Contributing lab leaders: Nam K. Tran, Edward Septimus and Michael Broyles
Most laboratorians would agree that in order for an antibiotic stewardship (ABS) committee to do its job, it's important to have someone from the C-suite at the table. Executive buy-in, after all, can be key to securing adequate funding for an ABS initiative, and ongoing C-suite support may be critical to long-term success.
Still, C-suite participation in itself is no guarantee that an ABS program will receive all the tools it needs to make progress around antibiotics. Here's a look at what committee members can do to convey to the C-suite the value ABS brings.
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First of all, suggests Edward Septimus, MD, FIDSA, FACP, FSHEA, clinical professor at Texas A&M College of Medicine, it's important to make sure your ABS committee includes all the right people. Among the players to put on the team: representatives from the laboratory and pharmacy, of course, but also someone from information technology, and at least one or two “physician champions" who understand the clinical value of an ABS program.
When it comes to C-suite representation, Dr. Septimus says, be sure your chief medical officer isn't the only one on the team. “That individual generally doesn't have the power of the dollar," he notes. “I really like to make sure that the chief operating officer or the chief financial officer is engaged as well." With your COO or CFO actively participating in ABS discussions side-by-side with your CMO, when you want to implement a new diagnostic study, for example, you can illustrate the “value added" of that study to all of them, Dr. Septimus says.
Edward Septimus, MD, FIDSA, FACP, FSHEA
Professor of Internal Medicine
Texas A&M Health Science Center
Too often, notes Michael Broyles, BSPharm, RPh, PharmD, director of pharmacy and laboratory services at Five Rivers Medical Center in Pocahontas, Arkansas, C-suite committee members fail to look at ABS as something that can benefit the entire organization. “They tend to think in terms of silos," he says, focusing on the laboratory and its budget, for instance, or pharmacy's budget and its implications. “It's very easy for the C-suite to say, 'Okay, your budget is thus, and so you're spending more money than we allocated.'"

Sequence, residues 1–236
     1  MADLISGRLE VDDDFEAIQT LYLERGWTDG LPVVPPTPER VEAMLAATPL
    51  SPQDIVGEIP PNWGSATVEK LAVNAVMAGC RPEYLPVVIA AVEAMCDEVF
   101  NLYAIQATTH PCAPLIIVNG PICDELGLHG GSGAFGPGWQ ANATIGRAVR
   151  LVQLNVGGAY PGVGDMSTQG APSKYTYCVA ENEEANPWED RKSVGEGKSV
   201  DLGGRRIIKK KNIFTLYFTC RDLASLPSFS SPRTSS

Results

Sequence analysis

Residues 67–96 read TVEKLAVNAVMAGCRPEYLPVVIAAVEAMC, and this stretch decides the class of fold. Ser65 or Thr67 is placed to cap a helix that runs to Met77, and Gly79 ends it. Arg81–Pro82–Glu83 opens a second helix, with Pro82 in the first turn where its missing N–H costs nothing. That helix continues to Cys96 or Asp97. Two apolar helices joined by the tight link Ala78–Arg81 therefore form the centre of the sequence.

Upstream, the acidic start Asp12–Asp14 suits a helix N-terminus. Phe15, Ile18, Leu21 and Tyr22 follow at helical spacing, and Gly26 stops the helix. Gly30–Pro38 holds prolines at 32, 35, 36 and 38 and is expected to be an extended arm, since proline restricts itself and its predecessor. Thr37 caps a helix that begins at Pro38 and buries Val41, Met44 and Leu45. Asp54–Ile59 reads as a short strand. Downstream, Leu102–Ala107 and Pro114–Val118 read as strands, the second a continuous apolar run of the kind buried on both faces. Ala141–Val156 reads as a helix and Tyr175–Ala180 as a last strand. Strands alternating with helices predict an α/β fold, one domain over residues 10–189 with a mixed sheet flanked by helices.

The laboratory should make it clear to C-suite members that ABS isn't something that can be separated by department, suggests Dr. Broyles. “The thing that we need to consider, most importantly, is to work together as a team." Show the C-suite how that new initiative will affect “total outcomes for all patients," or how it will lead to savings across the health system. “Make them aware of things that they might not be aware of."
Nam Tran, PhD, MS, MAS, HCLD (ABB), FACB, associate professor of clinical pathology and director of clinical chemistry, special chemistry/toxicology, and point-of- care (POC) testing at UC Davis, agrees that it's important to explain to the C-suite how anything you want to do as a lab will impact your organization as a whole. But don't just tell them how that a new ABS tool is going to work, or how a new initiative will help the bottom line. Instead, Dr. Tran says, use data to make your points. “I feel like data speaks for itself. I could spend hours upon hours talking about how this new biomarker is going to be amazing or this new device [will] be fantastic, but it's just another commercial for them—another division trying to get funding for another toy."
Dr. Tran believes the laboratory has three “powerful strengths" it can apply in its position on the ABS committee: data from clinical trials and other research, the technology required to conduct the necessary tests, and the “know-how" that comes with being experts in the field. Use those strengths to your advantage, he recommends, and in all likelihood the C-suite will offer you its support.
Nam K. Tran, PhD, FACB
Director of Chemistry, POCT and SARC
Department of Pathology and Lab Medicine, UC Davis
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